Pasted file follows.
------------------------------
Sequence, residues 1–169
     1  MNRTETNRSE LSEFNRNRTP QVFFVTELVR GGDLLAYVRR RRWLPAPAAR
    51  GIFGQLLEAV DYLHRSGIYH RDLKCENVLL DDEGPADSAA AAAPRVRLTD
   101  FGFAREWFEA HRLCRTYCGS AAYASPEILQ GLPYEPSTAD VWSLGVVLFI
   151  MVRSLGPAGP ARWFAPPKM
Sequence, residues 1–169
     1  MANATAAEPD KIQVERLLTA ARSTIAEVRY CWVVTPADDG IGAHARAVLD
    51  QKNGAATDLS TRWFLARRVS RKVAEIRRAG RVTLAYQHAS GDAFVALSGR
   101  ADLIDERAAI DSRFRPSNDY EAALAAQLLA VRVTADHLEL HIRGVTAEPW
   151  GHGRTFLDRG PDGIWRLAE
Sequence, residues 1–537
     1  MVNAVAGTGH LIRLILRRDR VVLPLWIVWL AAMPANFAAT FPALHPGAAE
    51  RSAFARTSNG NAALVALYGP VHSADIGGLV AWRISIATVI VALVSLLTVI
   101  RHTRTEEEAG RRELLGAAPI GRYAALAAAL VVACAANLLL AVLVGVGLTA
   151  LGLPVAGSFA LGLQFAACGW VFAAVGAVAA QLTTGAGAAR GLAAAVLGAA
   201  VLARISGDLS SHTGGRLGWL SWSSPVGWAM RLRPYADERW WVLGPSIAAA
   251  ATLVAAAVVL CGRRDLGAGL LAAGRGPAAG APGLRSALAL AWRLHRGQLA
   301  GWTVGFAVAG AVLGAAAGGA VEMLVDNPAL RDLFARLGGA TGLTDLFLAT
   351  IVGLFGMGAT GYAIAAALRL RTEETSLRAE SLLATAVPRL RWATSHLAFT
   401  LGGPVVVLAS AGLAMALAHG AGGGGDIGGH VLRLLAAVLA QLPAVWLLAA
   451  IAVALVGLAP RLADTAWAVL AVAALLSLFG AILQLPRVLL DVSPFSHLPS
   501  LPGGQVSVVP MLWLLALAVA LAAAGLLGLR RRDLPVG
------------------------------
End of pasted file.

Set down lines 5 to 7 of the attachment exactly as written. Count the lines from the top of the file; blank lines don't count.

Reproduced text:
   151  MVRSLGPAGP ARWFAPPKM
Sequence, residues 1–169
     1  MANATAAEPD KIQVERLLTA ARSTIAEVRY CWVVTPADDG IGAHARAVLD